CARECEN Commends D.C. Ward 1 Councilmember
Washington, DC, July 25, 2014 CARECEN commends Ward 1 Councilmember Jim Graham for declaring July 25 the day of Refugee Children of El Salvador, Honduras and Guatemala and introducing the resolution in the City Council. The resolution is the councilmember’s proclamation that Washington, D.C. is a welcoming city to all.
CARECEN, along with other institutions and individuals, petitioned the councilmember to make a statement in support of the children who are fleeing violence, poverty and need the city’s support. “It is our duty to protect children,” said Councilmember Graham, “the city should provide resources for the integration of these children, given that my Ward has a large Central American community, we can expect children to be settled here.”
CARECEN believes that the U.S. has a moral obligation as a society to protect children and it should be its first priority. The U.S. also has a legal obligation under national and international laws to protect children, keep families intact, protect victims of torture and forced recruitment into violent conflict. That is why CARECEN opposes any measure that weakens the protection of children or limits their right to due process.
Recently introduced legislation strips away critical legal protections for children from the Trafficking Victims Protection Reauthorization Act (TVPRA) of 2008. CARECEN also believes that the U.S. Border Patrol must ensure that unaccompanied children in detention centers should not face harsh, inhumane conditions that violate human rights and international accords while in the custody of U.S. institutions.
On the same day of the introduction of resolution the Presidents of El Salvador, Honduras, and Guatemala are meeting with President Obama in the White House. “I hope this is the beginning of a dialogue that will lead to long-term solutions, but my fear is that they will choose short-term fixes that only increase the militarization at the borders and does nothing to address the root causes,” said Abel Nuñez, Executive Director.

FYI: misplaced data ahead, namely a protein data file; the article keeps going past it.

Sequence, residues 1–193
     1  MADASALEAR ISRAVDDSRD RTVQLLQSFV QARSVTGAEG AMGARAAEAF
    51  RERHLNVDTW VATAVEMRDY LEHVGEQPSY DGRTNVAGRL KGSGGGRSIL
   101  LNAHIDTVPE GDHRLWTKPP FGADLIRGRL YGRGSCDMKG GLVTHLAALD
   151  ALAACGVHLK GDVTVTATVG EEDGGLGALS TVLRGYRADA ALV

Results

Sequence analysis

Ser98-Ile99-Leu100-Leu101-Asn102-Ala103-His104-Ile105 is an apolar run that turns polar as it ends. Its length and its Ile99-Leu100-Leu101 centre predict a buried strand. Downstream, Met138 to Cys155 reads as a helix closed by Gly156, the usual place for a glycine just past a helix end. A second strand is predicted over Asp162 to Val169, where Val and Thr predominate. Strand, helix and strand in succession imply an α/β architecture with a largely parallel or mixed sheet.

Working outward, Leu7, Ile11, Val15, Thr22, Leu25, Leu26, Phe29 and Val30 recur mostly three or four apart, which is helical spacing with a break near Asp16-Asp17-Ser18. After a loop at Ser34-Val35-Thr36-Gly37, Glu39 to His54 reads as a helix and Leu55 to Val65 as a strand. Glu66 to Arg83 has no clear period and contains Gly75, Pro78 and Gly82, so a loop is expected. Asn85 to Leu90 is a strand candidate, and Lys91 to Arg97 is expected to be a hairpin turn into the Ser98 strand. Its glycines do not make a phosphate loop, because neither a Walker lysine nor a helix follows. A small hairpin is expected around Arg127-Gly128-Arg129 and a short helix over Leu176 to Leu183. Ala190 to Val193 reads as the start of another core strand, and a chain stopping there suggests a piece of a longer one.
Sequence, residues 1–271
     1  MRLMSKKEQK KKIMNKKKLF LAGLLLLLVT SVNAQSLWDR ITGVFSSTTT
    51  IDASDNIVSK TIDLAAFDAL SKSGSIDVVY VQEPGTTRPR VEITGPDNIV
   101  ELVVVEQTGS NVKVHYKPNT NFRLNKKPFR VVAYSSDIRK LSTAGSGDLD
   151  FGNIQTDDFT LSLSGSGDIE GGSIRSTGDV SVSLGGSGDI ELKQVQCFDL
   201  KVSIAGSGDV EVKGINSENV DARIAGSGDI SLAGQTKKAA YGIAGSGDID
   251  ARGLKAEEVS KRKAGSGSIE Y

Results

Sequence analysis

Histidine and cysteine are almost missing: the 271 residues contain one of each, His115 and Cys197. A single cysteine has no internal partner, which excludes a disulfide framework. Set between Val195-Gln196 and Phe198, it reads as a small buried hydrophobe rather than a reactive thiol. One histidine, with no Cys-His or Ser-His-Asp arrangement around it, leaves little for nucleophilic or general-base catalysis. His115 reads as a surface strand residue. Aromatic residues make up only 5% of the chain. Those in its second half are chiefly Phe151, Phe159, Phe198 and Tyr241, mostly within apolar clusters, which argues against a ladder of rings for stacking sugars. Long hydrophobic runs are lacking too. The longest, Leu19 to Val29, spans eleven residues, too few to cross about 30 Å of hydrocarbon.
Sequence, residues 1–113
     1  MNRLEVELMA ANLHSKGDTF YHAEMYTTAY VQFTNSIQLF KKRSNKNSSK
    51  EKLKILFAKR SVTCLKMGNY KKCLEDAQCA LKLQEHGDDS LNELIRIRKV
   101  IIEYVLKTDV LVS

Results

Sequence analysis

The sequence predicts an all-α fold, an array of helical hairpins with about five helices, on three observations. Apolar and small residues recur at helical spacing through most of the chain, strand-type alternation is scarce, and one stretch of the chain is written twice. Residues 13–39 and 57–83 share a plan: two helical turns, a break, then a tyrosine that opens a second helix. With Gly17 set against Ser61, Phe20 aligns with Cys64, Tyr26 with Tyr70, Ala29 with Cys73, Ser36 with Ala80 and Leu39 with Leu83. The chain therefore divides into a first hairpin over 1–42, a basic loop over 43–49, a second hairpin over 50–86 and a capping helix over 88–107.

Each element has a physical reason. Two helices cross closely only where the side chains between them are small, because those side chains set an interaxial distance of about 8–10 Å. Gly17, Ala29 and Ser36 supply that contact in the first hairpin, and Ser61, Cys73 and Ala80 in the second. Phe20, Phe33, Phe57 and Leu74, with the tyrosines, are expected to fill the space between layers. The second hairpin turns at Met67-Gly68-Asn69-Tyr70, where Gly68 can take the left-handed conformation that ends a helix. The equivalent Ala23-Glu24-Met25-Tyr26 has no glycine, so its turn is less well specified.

He continued “This crisis didn’t happen overnight. The increasing violence and insecurity that these Central American children are fleeing has its roots in past and current U.S. policies, weak institutions in the countries of origin, and a structural pattern of increasing economic inequality, especially in Honduras, Guatemala, and El Salvador”.
The exodus of youth from the region points to the failure of economic and development policies to produce genuine opportunities for people to live dignified lives in their home countries. Increasing border security or policies facilitating the deportation or repatriation of these children will not stem the flow and will force children to take more desperate and dangerous methods to escape the violence.
The U.S. must address the root causes that will require regional collaboration from government and civil society participants from the U.S., Mexico, Guatemala, El Salvador and Honduras. We need to re-think the economic, development, and drug prevention policies we are promoting in Central America, as well as the current approach to “security”, which prioritizes militarization and control over human well-being and respect for human rights. Any response that ignores this longer-term challenge will simply set the stage for the next crisis.